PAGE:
Volunteers clean up garbage: Mass cleanup shows extent of illegal dumping

The Powell River Regional District has initiated the first steps to move as a community off the wasting path and onto the zero waste path.  Zero waste is a philosophy that many regions have adapted in response to the astounding amount of waste being generated and the increasing cost associated in “transferring” this waste.  The visionary goal of zero waste encourages the redesign of resource life cycles so that all products are reused and reintroduces ethical and moral components into the equation.

The bottom line is, we must all take individual responsibility for the waste that we create. » Read more

Can Garbage Be Green?

Originally published in the Powell River Peak

Think about the amount of waste and garbage each house on your block creates each week, it’s a lot.  What’s that saying? Out of sight, out of mind.  We all realize the garbage bags we place at the foot of our driveway each week don’t magically disappear.  In fact, that is only the beginning.  Once our waste leaves our hands it falls upon the environment to deal with what we have created.  This happens in a myriad of ways, the most common being landfills and combustion facilities.  Although these sites are heavily monitored and specifically design to handle waste they still have negative effects on the environment.  If we look at decomposition, it is estimated that it takes plastic 500 years and cigarette butts 50 years to decompose.  Some of the garbage that we create will long out live us.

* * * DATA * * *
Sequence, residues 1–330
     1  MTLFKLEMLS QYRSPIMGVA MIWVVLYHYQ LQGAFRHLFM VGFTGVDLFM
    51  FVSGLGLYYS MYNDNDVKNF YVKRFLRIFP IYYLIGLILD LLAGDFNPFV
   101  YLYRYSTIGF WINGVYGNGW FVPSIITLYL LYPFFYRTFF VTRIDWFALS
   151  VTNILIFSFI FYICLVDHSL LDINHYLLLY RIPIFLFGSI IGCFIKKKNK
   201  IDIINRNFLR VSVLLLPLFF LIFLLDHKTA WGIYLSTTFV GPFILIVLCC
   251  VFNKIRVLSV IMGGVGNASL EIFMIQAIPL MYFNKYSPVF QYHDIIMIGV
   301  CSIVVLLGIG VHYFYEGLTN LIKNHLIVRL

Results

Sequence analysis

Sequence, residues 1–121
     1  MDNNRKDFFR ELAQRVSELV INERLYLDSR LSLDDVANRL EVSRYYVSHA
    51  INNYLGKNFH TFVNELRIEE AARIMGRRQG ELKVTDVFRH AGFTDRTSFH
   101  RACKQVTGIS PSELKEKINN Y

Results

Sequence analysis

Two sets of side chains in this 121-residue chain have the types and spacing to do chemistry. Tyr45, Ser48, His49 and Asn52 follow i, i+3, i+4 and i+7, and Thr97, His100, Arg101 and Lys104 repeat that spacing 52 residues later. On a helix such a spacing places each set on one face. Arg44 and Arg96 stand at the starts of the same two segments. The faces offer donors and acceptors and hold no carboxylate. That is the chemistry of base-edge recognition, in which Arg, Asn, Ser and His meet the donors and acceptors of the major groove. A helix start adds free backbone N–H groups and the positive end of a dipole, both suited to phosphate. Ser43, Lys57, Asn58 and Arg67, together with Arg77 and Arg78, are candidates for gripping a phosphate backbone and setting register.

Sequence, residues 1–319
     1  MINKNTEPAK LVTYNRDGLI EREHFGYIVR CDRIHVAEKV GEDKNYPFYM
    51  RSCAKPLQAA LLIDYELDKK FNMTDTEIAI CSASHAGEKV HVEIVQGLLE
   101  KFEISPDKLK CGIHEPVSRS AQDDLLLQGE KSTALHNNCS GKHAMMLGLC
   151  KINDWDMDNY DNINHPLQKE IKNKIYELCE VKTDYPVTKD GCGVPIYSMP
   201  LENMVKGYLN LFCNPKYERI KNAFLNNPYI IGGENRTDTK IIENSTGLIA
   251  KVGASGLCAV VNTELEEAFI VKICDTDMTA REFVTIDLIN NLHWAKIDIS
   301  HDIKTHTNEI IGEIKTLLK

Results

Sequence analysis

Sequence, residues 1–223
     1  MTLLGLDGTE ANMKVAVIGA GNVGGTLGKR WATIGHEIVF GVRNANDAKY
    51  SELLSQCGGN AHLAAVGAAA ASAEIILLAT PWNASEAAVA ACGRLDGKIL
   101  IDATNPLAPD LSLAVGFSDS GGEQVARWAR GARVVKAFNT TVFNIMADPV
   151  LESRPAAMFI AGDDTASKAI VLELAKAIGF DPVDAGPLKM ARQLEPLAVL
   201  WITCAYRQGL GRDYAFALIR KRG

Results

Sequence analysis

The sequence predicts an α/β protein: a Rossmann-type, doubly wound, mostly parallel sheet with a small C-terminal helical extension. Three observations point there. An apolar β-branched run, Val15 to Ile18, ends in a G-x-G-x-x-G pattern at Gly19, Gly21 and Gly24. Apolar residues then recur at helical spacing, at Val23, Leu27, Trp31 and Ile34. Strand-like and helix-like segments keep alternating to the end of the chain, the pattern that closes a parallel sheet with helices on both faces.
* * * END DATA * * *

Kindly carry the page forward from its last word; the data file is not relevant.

Have you ever looked closely at what you consume?  Are you left with any garbage at the end of your day?  Do you have food wastes? Is that container reusable, recyclable or biodegradable?  Can you eliminate packaging by choosing a different product or by buying in bulk?  When you start to ask these questions your garbage will begin to turn green.  » Read more